And I thought to myself, the night does not choose to hide. It shows itself to us fully and fully it gives way to our inner emotions, the mirror as shadow. Winter announces its long arrival and slow departure. What is darkness to those of us with promise’s light? What is this drawn breath from the heart? Wind in cycle and snow in cycle, land sounds in cycle. Countless messages, to past lives.
The streetcar down Spadina lulls one’s senses to that something beyond, the grey cloud and the red cloud, the lapping water and the calm water. This is no longer a world of wheels, nor that of beginnings and ends. When it turns (that sweet, metal curvature), the Earth turns, and we turn, and the sky deepens slowly.
The act of collecting little things of nature is delightful, children’s tales told in the early evening delightful. The granite rocks and acorns from Muskoka this weekend. The plump chestnuts on the bikelane of Hoskin Street this afternoon. The dried spotted corn from seasons ago, the mini pumpkins from Kensington Market. Those that are free are the most delightful, but regardless, they are all beautiful in their permanent impermanence.
Last week during a creative writing workshop, I was given six words by the person sitting beside me, and I was to write something from them. Here’s the first stanza of that swift poem:
In the small crack of your voice,
a greening blossom,
a raising bursting
Here in Toronto, things are picking up for me. I’ve greatly overcommitted, I’ve slowly realized this consumerist attitude I’ve led my young adult life on. Yesterday there was a discarded box of free CDs by the English Lounge. There were some bangers in there: Regina Spektor, The Strokes, The War on Drugs, The Weakerthans…
Look, I respect The Weakerthans and I know they’re Winnipeg’s jem. But sometimes I can’t help but associate their music with bland white food. Now, I hate myself for even writing that sentence, as it’s the sort of generalized Internet-culture language that I feel is not conducive to “dialogue”. Now, I also don’t admire myself for writing this previous sentence – there’s so much to imply with dialogue and I’ve appropriated the word by carelessly sticking quotation marks around it. I just… don’t feel like “One Great City!” is still of complete relevance in our more awakened times. “…our Golden Business Boy will watch the North End die.” There’s a certain level of discomfort with such a line now. It’s what Jia Tolentino said about privilege. It’s what I’m exhibiting right now.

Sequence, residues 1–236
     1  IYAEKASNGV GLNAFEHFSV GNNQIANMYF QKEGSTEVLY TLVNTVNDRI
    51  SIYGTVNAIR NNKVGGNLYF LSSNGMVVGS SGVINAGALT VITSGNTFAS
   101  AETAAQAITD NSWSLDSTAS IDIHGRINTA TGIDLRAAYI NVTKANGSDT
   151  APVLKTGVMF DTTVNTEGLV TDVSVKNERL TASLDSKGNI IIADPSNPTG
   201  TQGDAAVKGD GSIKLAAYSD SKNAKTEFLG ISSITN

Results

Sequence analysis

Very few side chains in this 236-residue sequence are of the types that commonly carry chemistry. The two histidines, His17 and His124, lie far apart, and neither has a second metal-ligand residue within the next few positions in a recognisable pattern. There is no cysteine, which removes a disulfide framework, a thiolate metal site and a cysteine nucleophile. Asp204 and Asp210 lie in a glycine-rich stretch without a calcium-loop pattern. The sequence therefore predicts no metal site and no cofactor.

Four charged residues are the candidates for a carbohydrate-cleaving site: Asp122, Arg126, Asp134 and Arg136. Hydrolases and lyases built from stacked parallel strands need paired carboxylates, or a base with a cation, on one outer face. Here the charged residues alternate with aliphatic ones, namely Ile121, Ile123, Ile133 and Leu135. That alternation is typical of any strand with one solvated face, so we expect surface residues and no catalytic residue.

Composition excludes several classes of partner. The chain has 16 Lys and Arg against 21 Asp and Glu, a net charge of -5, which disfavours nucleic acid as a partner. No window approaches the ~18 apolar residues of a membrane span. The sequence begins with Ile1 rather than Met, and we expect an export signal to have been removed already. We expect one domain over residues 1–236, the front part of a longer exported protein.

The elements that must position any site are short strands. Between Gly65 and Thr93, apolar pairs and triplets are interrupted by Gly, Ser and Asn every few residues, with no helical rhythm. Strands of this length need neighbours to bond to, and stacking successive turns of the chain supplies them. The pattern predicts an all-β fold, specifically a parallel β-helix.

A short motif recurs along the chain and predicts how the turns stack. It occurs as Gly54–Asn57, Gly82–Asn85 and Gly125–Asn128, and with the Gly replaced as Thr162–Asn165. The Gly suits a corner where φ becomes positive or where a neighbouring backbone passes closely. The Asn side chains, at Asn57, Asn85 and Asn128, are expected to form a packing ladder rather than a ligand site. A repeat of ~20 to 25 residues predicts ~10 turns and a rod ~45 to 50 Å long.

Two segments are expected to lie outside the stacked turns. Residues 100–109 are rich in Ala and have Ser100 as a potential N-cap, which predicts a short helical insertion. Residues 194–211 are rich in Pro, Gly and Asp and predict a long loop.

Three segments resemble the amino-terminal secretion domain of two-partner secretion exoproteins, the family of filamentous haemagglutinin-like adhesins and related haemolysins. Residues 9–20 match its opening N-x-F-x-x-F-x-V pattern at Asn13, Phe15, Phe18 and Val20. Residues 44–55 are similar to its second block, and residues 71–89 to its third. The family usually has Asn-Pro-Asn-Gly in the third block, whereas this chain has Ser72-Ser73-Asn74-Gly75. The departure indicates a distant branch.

Personal blogs are dead. Fake deep rules. Authenticity remains as the God who never wanted to be God.
Today was the Climate Strike of Toronto, and it was a damn beautiful day, clear skies and mild wind. It felt good for the spirit. Toronto’s attendance (~75 000), paled in comparison to Montreal’s 500 000. Numbers are everything, but only everything to a certain extent. Some of my friends suggested storming a Bank next time.
How do we awaken within the urgency of the situation? I know I go back and forth. Slumbering in the suburbs is quite easy, while in the big city, not so much. It’s unfortunate reflection of urgency depends on space, but I suppose it’s inseparable from it. From morning to evening people took pictures of the searching me and my poster. (What is it with artists and their empathy within an insufferable egotism?)
Walking down the streets against people and against the sweet sun I unwillingly found myself in a parade of sorts (“parade”, as my friend put it). Spontaneously and greatly, protestors blocked the intersection of College and University until around 7:00 PM. Night had fallen quickly. I felt lost, although juicing apples helped a little, like the band-aid you are grateful for.
Anything I could say on a day like this is weighed with too much philosophical air to amount to something I’d accept as good honesty. (I’m starting to think that honesty itself doesn’t really matter, and what does is whether it’s good or not.) Although my friend said something I wanted my heart to remember forever and forever: “Just remember… whatever you do, you cannot ignore him. You need to be nice to him, because he didn’t do anything. It’s all in your mind.”
As a “young”, “emotional”, “confused” person, I’ve realized and I’ve been persuaded that many of life’s parts are a series of contradictions and tensions that need to be dealt with or else left alone. Today I had a conversation over spotted apples and it’s made me think about what exactly what I want from life, both because it did and because I wanted to capitalize on such a rare instance of lucid confusion. I would like to keep this list as short as possible, and they are only numbered to keep track of the amount of points.
1. Spending time and taking care of my family and friends.
2. Learning, enjoying, creating, experiencing poetry, literature, art.